In M.C. Beaton’s latest Agatha Raisin mystery, As The Pig Turns (Minotaur: St. Martin’s. Oct. 2011. 288p. ISBN 9780312387020. $24.99), the roasting of a pig in a Cotswold village town square to ward off the winter gloom is halted by a frantic Agatha, who notices that the pig in question is actually much-disliked local policeman Gary Beech. Tasha Alexander’s A Crimson Warning: A Novel of Suspense (Minotaur: St. Martin’s. Oct. 2011. 320p. ISBN 9780312661755. $24.99) takes place in late 1800s London, where someone keeps splashing red paint on upper-class homes shortly before the revelation of dastardly secrets regarding the families living there. It’s Lady Emily Hargreaves to the rescue in her sixth outing.
Best-selling author Wendy Corsi Staub’s Hell To Pay (Avon. Oct. 2011. 384p. ISBN 9780061895081. pap. $7.99) rounds out a trilogy whose second book, Scared To Death, won the 2011 WLA Washington Irving Award for Fiction. Opening 15 years after Scared, it features Lucy Walsh and Jeremy Cavalon, married now, who survived a brush with a serial killer in childhood. But it’s never that easy. In Jamie Freveletti’s The Ninth Day (Harper Mass Market. Oct. 2011. 352. ISBN 9780062025319. pap. $9.99), chemist Emma Caldridge comes face to face with a human trafficker while collecting plant samples in the Arizona mountains. In Jordan Dane’s Reckoning for the Dead: A Sweet Justice Novel (Harper Mass Market. Oct. 2011. 368p. ISBN 9780061969690. pap. $7.99), Sentinels chief Garrett Wheeler is dead, though agent Alexa Marlowe isn’t buying the explanation, and former bounty hunter Jessie Beckett’s DNA shows up as evidence in an ugly, cold-case murder committed when she was just a child.
In Angela Gerst’s debut, A Crack in Everything (Poisoned Pen. Sept. 2011. 250p. ISBN 9781590589441. $24.95; pap. ISBN 9781590589465. $14.95), political consultant Susan Callisto is kind of hot to help fledging candidate Charles Renfrow‚ until she learns that his biotech firm might be doing some toxic dumping. The Renfrow ends up dead. Flowers for Her Grave (Poisoned Pen. Sept. 2011. 250p. ISBN 9781590589182; pap. ISBN 9781590589205. $14.95) continues Judy Clemens’s Grim Reaper series, featuring a very flummoxed young woman named Casey who’s relentlessly pursued by Death. Changing her name and signing up as a fitness instructor in a rich, gated community doesn’t keep murder from happening around her. Finally, in Jane A. Adams’s The Dead of Winter (Severn House. Aug. 2011. 208p. ISBN 9780727880345. $27.95), a new Rina Martin mystery, Rina reluctantly agrees to spend a weekend at Aikensthorpe, a country house hotel where an 1872 murder is being re-enacted. Then real murder and a terrible blizzard descend.
Down Mississippi way, when repo man Nick Reid tries to lay claim to a flat screen TV, he’s whacked over the head, and the coral-colored 1969 Ranchero he borrowed from his landlady is stolen. That’s in Rick Gavin’s debut, Ranchero: A Mystery (Minotaur: St. Martin’s. Oct. 2011. 272p. ISBN 9780312573737. $24.99). The Burning: A Crime Novel (Minotaur: St. Martin’s. Sept. 2011. 336p. ISBN 9780312538064. $24.99), the second novel and a series debut from Oxford and Trinity College grad Jane Casey, features Detective Constable Maeve Kerrigan’s efforts to uncover a killer who beats women to death and then sets them ablaze. With A Killing in China Basin (Severn House. Sept. 2011. 224p. ISBN 9780727880543. $28.95), Kirk Russell, creator of the John Marquez series, launches a new series starring grizzled San Francisco homicide detective Ben Raveneau, who’s charged with investigating the murder of an unidentified mixed-race woman in the city’s China Basin.
Blessings from the Vicar
Two new novels feature British vicars. In Agatha Award‚ winning G.M. Malliet’s Wicked Autumn: A Mystery (Minotaur: St. Martin’s. Oct. 2011. 256p. ISBN 9780312646974. $23.99), Max Tudor, who’s happily presided over Nether Monkslip’s church of St. Edwold’s, finds his police past kicking in when the terribly unpopular president of the Women’s Institute turns up dead. In C.C. Benison’s Twelve Drummers Drumming: A Mystery (Delacorte. Oct. 2011. 384p. ISBN 9780385344456. $22), Thornford Regis’s new vicar, Father Tom Christmas‚ how appropriate is that?‚ stumbles upon a body stuffed inside a Japanese o-daiko drum in the town hall. It’s the choir director’s 19-year-old daughter, who had decidedly Goth tendencies. This book introduces Father Christmas, so I suspect we will get a count-down to that partridge in a pear tree.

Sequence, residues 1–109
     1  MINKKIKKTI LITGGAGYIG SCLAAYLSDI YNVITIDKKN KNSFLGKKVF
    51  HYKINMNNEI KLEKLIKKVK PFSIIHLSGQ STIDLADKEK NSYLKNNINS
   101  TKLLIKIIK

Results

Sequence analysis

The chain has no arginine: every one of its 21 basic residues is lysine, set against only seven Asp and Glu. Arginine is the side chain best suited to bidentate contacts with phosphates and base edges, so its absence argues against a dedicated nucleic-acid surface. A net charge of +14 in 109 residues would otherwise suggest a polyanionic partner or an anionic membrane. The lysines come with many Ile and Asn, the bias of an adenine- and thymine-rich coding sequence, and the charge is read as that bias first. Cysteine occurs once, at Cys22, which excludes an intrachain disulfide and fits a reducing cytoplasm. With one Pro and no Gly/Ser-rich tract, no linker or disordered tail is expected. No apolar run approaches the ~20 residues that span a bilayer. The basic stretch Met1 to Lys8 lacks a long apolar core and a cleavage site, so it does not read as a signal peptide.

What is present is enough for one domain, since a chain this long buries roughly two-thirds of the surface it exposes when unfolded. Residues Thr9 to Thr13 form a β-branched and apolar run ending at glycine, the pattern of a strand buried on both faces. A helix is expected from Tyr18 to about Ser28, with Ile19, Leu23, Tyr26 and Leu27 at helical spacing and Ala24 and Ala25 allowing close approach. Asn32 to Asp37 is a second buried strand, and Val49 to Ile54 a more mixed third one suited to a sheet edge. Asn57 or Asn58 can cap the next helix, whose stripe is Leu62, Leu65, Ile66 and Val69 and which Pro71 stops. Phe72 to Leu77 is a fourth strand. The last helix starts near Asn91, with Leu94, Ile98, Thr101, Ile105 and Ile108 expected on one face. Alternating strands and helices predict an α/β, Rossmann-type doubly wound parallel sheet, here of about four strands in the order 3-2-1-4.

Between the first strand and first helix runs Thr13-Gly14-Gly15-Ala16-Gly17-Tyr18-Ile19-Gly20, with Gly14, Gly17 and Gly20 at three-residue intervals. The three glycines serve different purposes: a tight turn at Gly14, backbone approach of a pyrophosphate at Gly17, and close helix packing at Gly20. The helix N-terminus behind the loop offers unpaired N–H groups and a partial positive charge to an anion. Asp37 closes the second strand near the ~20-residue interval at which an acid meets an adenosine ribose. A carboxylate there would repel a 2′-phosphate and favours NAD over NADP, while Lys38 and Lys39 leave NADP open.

Sometimes, a mystery’s defining aspect lies beyond the murder. For mysteries by JoAnna Carl (The Chocolate Castle Clue: A Chocoholic Mystery. NAL. Oct. 2011. ISBN 978-0451234742. $22.95), it’s the luscious product of the cacao tree. For Ellen Crosby’s Wine Country Mysteries, it’s the joy of fermented grapes; The Sauvignon Secret: A Wine Country Mystery (Scribner. Aug. 2011. 272p. ISBN 9781439163887. $24), sixth in the series, finds wine merchant Paul Noble hanged in his art studio‚ perhaps because of a murder 40 years earlier. In Mark de Castrique’s The Sandburg Connection (Poisoned Pen. Sept. 2011. 250p. ISBN 9781590589410. $24.95; pap. ISBN 9781590589434. $14.95), the clue to a woman’s murder (a cover-up for a doctor’s error?) lies in the verse of Carl Sandburg. In Nicholas Kilmer’s A Paradise for Fools (Poisoned Pen. Sept. 2011. 250p. ISBN 9781590589342. $24.95; pap. ISBN 9781590589366. $14.95), the eighth art mystery featuring Fred Taylor, death intervenes when Taylor tries to track down a painting he first sees tattooed on a young woman’s torso.
In Susan Conant’s Brute Strength (Severn House. Sept. 2011. 224p. ISBN 9780727880673. $28.95), 19th in a series starring Holly Winter, Holly’s beloved malamutes Rowdy, Kimi, and Sammy must come to rescue when their mistress is targeted by a killer. This book comes well recommended for dog nuts everywhere; Conant is a seven-time winner of the Dog Writers Association of America’s Maxwell Award. Sandra Parshall’s Under the Dog Star (Poisoned Pen. Sept. 2011. 250p. ISBN 9781590588789. $24.95; ISBN 9781590588802. $14.95) also comes well recommended, as it’s the fourth in an Agatha Award‚ winning series starring veterinarian Rachel Goddard. When dogs start vanishing from Goddard’s Virginia mountains community and then a feral pack seems responsible for killing a physician, Goddard rushes to find sanctuary for the pack‚ and find the real killer.
Just a reminder to look for The Best American Mystery Stories 2011 (Mariner: Houghton Harcourt. Oct. 2011. 320p. ISBN 9780547553962. pap. $14.95.), the next edition in a venerable series edited by Mysterious Bookshop founder and all-’round mystery man Otto Penzler. The guest editor this year is Edgar, Shamus, and Anthony Award winner Harlan Coben, whose books tend to be No. 1 New York Times best sellers. Can’t beat that.